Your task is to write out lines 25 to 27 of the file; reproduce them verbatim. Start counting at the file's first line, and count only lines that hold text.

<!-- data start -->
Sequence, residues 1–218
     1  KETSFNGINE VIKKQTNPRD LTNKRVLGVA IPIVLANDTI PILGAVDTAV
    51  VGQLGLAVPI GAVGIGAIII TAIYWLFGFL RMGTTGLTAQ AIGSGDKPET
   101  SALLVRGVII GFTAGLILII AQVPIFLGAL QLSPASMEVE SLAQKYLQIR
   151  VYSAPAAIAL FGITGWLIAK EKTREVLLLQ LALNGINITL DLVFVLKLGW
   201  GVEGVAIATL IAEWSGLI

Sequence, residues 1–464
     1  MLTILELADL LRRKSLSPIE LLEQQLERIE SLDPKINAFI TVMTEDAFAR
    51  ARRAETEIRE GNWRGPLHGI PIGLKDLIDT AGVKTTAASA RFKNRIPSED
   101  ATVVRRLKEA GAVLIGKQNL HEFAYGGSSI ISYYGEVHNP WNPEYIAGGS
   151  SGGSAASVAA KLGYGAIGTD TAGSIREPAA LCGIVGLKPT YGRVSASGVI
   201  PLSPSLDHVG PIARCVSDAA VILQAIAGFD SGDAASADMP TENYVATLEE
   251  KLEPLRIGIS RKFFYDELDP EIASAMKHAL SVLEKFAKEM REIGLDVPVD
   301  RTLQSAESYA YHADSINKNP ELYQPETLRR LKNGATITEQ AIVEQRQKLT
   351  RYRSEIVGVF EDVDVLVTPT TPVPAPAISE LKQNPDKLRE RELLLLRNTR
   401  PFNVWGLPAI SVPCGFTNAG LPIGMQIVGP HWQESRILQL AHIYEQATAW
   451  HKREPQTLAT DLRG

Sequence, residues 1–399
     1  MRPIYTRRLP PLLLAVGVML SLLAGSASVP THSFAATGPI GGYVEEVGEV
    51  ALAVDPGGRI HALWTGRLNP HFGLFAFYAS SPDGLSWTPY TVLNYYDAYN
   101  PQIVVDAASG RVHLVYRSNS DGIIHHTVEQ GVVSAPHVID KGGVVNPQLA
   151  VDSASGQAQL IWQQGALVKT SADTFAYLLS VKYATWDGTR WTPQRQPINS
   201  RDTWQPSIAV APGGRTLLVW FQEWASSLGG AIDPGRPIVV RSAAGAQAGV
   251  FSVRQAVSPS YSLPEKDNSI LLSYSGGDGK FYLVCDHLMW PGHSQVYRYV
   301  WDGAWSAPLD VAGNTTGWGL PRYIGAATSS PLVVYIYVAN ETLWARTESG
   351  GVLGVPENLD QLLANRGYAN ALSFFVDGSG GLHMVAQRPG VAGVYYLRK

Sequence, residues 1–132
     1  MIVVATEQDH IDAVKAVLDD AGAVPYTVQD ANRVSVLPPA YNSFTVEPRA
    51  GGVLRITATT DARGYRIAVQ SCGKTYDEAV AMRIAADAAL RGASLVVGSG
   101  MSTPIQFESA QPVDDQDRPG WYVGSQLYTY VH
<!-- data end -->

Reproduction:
   301  WDGAWSAPLD VAGNTTGWGL PRYIGAATSS PLVVYIYVAN ETLWARTESG
   351  GVLGVPENLD QLLANRGYAN ALSFFVDGSG GLHMVAQRPG VAGVYYLRK

Sequence, residues 1–132